The dollar hit a new 11-year high against major currencies on Friday as investors bet the monthly U.S. jobs report would add to the chance of rate hikes, even as the European Central Bank embarks on a 1 trillion euro campaign of bond-buying. The same balance of risks saw the gap between German and U.S. bond yields stretched to its widest in more than a quarter of a century as government bond yields across the 19-country euro zone took another step lower.
Brent crude oil rose to around $61 a barrel on Friday as fighting in Libya and Iraq stoked output worries, while traders kept a close eye on Iran nuclear talks that could eventually bring more supply to world markets. Fighting has escalated in northeast Iraq where Islamic State militants have set fire to oilfields to deter Shi'ite militiamen and Iraqi soldiers from advancing. In Libya, worsening security conditions have led to the closure of 11 oilfields. "The Libyan and Iraqi oilfield skirmishes are worrying," said Tamas Varga, oil analyst at London brokerage PVM Oil Associates.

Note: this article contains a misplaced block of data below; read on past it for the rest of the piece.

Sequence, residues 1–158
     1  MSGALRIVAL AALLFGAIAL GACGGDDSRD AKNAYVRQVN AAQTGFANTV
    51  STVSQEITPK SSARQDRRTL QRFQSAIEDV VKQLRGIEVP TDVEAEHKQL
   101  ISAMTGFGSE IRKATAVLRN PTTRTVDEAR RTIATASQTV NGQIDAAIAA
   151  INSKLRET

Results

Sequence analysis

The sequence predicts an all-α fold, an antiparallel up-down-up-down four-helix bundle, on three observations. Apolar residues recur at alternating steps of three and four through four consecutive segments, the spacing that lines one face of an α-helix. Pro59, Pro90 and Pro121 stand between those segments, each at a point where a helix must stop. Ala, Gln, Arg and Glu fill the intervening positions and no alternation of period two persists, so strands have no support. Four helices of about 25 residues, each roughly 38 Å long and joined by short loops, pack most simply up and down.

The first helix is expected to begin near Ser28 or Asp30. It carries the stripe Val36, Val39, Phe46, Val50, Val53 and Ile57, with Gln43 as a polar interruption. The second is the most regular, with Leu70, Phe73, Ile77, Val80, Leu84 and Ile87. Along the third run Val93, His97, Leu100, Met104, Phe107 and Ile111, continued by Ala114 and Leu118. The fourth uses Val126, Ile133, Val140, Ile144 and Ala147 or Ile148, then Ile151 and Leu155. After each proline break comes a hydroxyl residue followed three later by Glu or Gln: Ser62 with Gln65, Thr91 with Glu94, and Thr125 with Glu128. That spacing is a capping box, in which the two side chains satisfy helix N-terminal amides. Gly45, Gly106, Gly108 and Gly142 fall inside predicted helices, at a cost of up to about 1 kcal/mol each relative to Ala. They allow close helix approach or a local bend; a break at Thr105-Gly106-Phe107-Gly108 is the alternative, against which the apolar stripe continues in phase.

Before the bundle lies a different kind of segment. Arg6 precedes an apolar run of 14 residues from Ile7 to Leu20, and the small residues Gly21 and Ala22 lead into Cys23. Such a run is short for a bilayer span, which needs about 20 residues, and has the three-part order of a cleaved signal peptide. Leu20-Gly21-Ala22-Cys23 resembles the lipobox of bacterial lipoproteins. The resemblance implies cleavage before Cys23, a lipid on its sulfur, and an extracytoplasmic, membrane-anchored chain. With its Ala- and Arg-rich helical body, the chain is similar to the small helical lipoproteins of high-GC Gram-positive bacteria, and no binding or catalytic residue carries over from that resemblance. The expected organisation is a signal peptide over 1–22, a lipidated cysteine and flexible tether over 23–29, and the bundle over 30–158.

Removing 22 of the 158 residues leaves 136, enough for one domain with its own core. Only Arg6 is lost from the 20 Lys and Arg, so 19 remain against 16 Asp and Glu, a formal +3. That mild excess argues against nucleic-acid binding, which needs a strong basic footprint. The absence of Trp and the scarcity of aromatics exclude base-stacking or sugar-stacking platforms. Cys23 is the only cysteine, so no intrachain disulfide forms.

Federal Reserve policymakers should not wait too long to raise interest rates, a top U.S. central banker said on Thursday, because doing so could mean "drastically" overshooting on inflation and forcing the Fed to hike rates dramatically. "I think that by mid-year it will be the time to have a serious discussion about starting to raise rates," San Francisco Fed chief John Williams said.